Here’s the thing: Not everyone orgasms during sex and that’s completely fine, too.
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As fantastic as it would be if we all had multiple orgasms together every time our genitals were touched, that’s just not realistic for everyone. And more importantly, there is no rule that says an orgasm is the definitive marker of great sex, so if you and your fiancé are both enjoying yourselves, that’s all that matters.
Another important thing to note here is that sex can mean a lot of different things, so while we’re not sure exactly what it means to you and your fiancé, there are definitely steps you can take to make yourself more comfortable having an orgasm around him:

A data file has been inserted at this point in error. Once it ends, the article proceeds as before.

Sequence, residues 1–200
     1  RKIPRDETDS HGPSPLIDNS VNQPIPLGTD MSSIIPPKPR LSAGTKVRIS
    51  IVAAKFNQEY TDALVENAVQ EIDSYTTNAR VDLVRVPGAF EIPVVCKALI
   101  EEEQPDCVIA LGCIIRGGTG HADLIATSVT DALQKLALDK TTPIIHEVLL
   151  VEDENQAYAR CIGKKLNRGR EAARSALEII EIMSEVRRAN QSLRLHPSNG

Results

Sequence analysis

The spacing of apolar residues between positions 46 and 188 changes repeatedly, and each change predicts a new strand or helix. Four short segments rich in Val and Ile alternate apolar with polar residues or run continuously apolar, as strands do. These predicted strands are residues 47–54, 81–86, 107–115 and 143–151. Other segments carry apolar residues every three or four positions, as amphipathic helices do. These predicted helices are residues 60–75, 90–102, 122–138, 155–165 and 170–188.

1. The first step would be to stop prone masturbating entirely and instead self-stimulating in other ways that you can replicate with your partner.
2. If you’re still having trouble getting or keeping an erection, talk to a doctor or urologist about any tests or medications that might help.
3. Find a sex therapist who can help you work through the behavioral changes that can take you from prone masturbation to satisfying orgasms with your partner, and one who can help you identify any mental or emotional roadblocks in your way.
4. When you’re with your partner, just explore, be playful, and focus on what feels good. Remember: This actually isn’t uncommon and isn’t something that you should be afraid to bring up with a doctor, partner, or sex therapist.